For brevity, this article will refer to the vehicle as simply the VBCI-E.

The vehicle’s namesake was General Juan Yagüe Blanco. Yagüe made his military career during the Rif War as an officer in La Legión [Eng. Spanish Foreign Legion]. He was a friend of Franco, with whom he had studied at the Infantry Military Academy in Toledo. He was also a friend of José Antonio Primo de Rivera, the founder of Falange Española, the Spanish Fascist party, of which Yagüe was a member.

Yagüe achieved notoriety for his brutal repression of the miner’s uprising in Asturias in 1934. He disapproved of the Popular Front government elected in 1936 and joined the military conspiracy which would lead to the Spanish Civil War. Stationed in Ceuta, in Spanish North Africa, Yagüe’s troops were some of the first to rebel against the legitimate Republican government on July 17th 1936.

Yagüe’s legionnaires and North African native troops caused panic as they advanced through Andalucía and Extremadura. For his part in this early campaign, Yagüe would become known as El Carnicero de Badajoz [Eng. The Butcher of Badajoz], after his role in ordering the execution of between 2,000 and 4,000 prisoners in the city.

Yagüe clashed with Franco over military strategy and political leadership and would be removed from his commands in September 1936. Following a change of heart, in November 1937, he was put in charge of an army corps which took part in the Battle of Teruel, and the Aragón, Levante, Ebro, and Catalonia offensives over the next 18 months.
In the aftermath of the Spanish Civil War, Yagüe was promoted to division general and sent on a mission to Germany, where he interacted extensively with Hermann Wilhelm Göring and became a committed germanophile. He was appointed head of the Air Ministry and in charge of the Spanish Air Force, but was sacked in 1940 for opposing and conspiring against Franco. Even so, after the Allied landings in North Africa, he was given command of the defenses in Melilla. In 1943, Yagüe was appointed lieutenant general and fought against the Spanish Republican Resistance invasion and guerrilla campaign in northern Spain. He died in 1952, aged 60.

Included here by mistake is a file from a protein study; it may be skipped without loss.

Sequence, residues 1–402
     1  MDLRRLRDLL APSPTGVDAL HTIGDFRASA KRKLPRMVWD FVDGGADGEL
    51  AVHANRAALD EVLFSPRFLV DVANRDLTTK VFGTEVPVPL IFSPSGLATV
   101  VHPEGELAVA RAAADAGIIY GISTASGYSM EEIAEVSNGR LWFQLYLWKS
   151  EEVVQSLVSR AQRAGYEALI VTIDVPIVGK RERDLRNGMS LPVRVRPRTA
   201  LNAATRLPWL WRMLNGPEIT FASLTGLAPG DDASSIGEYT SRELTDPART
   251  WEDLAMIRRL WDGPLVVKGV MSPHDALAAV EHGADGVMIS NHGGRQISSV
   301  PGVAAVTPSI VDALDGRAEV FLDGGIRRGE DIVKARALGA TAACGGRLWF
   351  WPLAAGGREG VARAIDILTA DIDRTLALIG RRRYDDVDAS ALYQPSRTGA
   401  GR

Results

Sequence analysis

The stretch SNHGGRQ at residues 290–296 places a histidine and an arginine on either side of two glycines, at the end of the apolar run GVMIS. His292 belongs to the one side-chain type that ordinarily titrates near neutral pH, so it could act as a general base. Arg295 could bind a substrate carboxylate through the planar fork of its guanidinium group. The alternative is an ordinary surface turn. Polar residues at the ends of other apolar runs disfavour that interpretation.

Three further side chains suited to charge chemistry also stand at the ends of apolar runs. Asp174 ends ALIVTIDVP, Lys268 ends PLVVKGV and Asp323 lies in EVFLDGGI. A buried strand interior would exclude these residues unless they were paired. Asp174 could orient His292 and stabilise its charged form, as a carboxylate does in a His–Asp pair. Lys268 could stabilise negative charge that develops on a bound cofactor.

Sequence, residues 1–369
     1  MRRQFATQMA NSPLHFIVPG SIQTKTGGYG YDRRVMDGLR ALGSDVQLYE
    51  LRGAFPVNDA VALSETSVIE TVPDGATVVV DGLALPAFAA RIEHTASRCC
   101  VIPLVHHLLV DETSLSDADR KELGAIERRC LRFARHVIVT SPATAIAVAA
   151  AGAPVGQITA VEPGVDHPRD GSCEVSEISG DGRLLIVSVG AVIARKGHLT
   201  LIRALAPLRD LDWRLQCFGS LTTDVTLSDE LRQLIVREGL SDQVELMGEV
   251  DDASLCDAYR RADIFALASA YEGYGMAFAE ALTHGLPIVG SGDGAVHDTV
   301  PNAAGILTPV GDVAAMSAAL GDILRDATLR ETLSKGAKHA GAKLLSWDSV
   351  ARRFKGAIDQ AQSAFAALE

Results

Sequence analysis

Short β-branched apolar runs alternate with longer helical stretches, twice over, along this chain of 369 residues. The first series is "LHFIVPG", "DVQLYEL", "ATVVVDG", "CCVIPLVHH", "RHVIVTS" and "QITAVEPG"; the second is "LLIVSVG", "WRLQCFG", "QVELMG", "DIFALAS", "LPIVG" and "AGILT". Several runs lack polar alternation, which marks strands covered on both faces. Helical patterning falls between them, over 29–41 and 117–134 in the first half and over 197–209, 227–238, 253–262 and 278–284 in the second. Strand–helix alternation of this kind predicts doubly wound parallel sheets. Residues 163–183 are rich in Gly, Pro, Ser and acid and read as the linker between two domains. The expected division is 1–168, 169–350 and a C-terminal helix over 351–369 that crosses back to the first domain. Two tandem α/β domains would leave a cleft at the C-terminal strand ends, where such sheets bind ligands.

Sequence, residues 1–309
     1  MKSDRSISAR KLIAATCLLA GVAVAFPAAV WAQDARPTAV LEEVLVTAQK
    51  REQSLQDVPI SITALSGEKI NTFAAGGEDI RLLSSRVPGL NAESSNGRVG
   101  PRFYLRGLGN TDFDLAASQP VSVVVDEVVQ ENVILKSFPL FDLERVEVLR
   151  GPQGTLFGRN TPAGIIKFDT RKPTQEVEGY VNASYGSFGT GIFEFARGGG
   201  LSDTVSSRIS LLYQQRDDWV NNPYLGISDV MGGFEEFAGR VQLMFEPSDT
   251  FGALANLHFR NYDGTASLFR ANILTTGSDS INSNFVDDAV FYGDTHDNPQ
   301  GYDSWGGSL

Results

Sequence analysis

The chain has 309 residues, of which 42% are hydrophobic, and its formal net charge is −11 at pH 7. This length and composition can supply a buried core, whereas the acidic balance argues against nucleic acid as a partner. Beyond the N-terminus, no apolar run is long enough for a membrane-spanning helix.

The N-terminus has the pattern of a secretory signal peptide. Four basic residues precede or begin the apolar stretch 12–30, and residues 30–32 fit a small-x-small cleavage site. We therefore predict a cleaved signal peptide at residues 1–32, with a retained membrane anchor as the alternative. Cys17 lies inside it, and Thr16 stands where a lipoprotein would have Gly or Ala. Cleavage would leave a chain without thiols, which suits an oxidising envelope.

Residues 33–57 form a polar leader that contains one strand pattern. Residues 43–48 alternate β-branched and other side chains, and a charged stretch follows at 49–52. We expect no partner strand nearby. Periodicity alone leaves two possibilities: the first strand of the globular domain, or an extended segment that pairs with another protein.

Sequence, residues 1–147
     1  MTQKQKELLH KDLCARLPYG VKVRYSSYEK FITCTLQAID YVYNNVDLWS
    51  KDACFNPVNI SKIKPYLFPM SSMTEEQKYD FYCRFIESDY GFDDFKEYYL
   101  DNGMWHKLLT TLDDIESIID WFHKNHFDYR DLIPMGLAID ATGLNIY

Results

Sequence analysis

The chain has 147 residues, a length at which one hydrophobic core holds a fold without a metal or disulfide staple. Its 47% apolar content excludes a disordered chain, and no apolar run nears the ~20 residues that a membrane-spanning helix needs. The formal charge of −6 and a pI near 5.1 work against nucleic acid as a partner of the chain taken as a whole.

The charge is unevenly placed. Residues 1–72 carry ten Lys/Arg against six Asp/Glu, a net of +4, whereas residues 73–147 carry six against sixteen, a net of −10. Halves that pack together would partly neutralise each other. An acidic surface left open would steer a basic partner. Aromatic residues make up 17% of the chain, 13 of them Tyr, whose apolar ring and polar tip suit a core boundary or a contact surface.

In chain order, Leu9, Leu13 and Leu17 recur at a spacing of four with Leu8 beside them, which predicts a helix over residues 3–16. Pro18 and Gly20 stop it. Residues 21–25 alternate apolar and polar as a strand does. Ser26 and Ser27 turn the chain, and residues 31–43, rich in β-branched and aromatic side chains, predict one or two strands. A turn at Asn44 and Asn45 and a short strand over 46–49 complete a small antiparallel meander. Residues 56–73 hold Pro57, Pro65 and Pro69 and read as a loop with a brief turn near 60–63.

General Juan Yagüe Blanco, the namesake for the Vehículo Blindado de Combate de Infantería VBCI-E General Yagüe – source:

The VBCI-E’s Design

Appearance and Dimensions

Like the US designs that most likely inspired it, the available drawings show the VBCI-E to be box-shaped, 5.8 m long and 2.8 m wide. It had a total height specified as 2.28 m, 1.88 m without the turret, and the hull itself at 1.44 m. Ground clearance between the bottom of the hull and the ground is noted as 0.44 m.

The front would have been angled, though the detailing is inconsistent. The front was probably designed that way to act as a wave breaker in amphibious operations. The bottom frontal plate would have had the transmission cover hatch and the upper frontal plate the engine cover hatch. From the drawings, it seems that, on each side of the transmission cover hatch, there would have been a metal piece to attach cables, hooks, or ropes. The drawings also show headlights on either side of the front and, in the middle of one of the drawings, a shovel.

The roof of the vehicle would have been on two levels. A smaller frontal level had a cupola to the left and an engine deck on the right. The second higher level would have had a triangular front, at the center of which would have been a turret, with railings on either side. Given the supposed height of the hull, 1.88 m, these railings would have been rather impractical to use to get onto the vehicle without a step or ladder, something which would most likely not be available in a combat situation. A large hatch is drawn at the rear of the roof.